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August 22, 2022 39 min

The Lowry Gang fought back against Confederate authorities during the U.S. Civil War and during Reconstruction they came to be viewed as either Robin Hood-esque folk heroes or as dangerous murderers and thieves, depending on who you were asking.


  • Leland, Elizabeth. “Coming Home to the Land of the Lumbee.” Our State. 9/6/2017.
  • Currie, Jefferson. “Henry Berry Lowry.” Tar Heel Junior Historian, Spring 2000.
  • “Proclamation of Outlawry for Henry Berry Lowry and his band of robbers.”
  • North Carolina Museum of History. “Community Class Series: Henry Berry Lowrie, Lumbee Legend.” With Nancy Strickland Fields, Museum of the Southeast American Indian; Dr. Lawrence T. Locklear, University of North Carolina at Pembroke; and Dr. Malinda Maynor Lowery, Emory University. Via YouTube. Sep 23, 2021.
  • Lowery, Malinda Maynor. “Lumbee Indians in the Jim Crow South: Race, Identity and the Making of a Nation.” University of North Carolina Press. 2010. 
  • Oakley, Christopher Arris. “The Legend of Henry Berry Lowry: Strike at the Wind and the Lumbee Indians of North Carolina.” The Mississippi Quarterly , Vol. 60, No. 1, Special issue on American Indian Literatures and Cultures in the South (Winter 2006-07). Via JSTOR.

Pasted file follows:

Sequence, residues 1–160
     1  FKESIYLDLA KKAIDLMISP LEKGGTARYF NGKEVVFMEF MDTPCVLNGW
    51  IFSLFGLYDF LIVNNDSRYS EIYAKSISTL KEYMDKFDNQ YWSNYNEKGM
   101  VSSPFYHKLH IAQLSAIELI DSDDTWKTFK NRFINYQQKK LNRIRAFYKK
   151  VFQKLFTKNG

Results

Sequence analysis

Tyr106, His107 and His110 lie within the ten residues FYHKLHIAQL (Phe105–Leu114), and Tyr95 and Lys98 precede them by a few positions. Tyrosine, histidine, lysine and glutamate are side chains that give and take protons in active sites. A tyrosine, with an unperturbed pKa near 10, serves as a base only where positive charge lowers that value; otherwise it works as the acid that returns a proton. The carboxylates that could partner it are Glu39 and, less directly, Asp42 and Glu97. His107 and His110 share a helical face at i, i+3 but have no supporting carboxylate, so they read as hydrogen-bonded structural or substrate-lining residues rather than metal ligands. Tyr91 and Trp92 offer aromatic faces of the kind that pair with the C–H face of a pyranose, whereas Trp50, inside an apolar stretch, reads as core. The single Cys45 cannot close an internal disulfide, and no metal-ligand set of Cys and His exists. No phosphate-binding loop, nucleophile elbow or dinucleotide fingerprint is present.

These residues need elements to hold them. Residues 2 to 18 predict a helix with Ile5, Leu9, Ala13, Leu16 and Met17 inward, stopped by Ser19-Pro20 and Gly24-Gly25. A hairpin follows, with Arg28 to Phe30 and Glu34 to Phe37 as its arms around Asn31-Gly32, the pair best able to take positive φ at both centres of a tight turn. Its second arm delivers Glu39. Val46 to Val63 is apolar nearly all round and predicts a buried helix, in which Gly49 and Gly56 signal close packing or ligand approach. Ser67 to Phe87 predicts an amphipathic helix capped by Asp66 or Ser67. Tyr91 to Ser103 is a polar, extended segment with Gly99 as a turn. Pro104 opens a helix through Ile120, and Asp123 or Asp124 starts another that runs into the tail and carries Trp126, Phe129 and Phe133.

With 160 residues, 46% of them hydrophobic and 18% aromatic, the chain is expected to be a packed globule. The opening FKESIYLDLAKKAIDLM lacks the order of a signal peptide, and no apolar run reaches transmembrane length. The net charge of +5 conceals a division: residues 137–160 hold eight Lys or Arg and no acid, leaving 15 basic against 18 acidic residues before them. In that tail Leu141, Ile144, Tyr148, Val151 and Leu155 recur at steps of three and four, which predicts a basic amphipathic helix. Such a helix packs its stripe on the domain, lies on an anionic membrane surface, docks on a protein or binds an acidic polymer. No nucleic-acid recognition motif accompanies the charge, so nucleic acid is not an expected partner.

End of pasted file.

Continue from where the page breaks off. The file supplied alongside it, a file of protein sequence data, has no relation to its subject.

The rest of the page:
• Lumbee Tribe of North Carolina. “History and Culture.” 2017.
  • Lowery, Malinda Maynor. “The Lumbee Indians: An American Struggle.” University of North Carolina Press. 2018.
  • Kays, Holly. “Cherokee chief testifies against Lumbee recognition.” Smoky Mountain News. 1/7/2020.
  • Townsend, George Alfred. “The Swamp outlaws, or, The North Carolina bandits : being a complete history of the modern Rob Roys and Robin Hoods.” New-York : Robert M. DeWitt. 1872.
  • Harper’s Weekly. “The North Carolina Bandits.” March 30, 1872.
  • McElroy, Jenny. “The Lowry War.” NCPedia. 3/1/2008.
  • See for privacy information.

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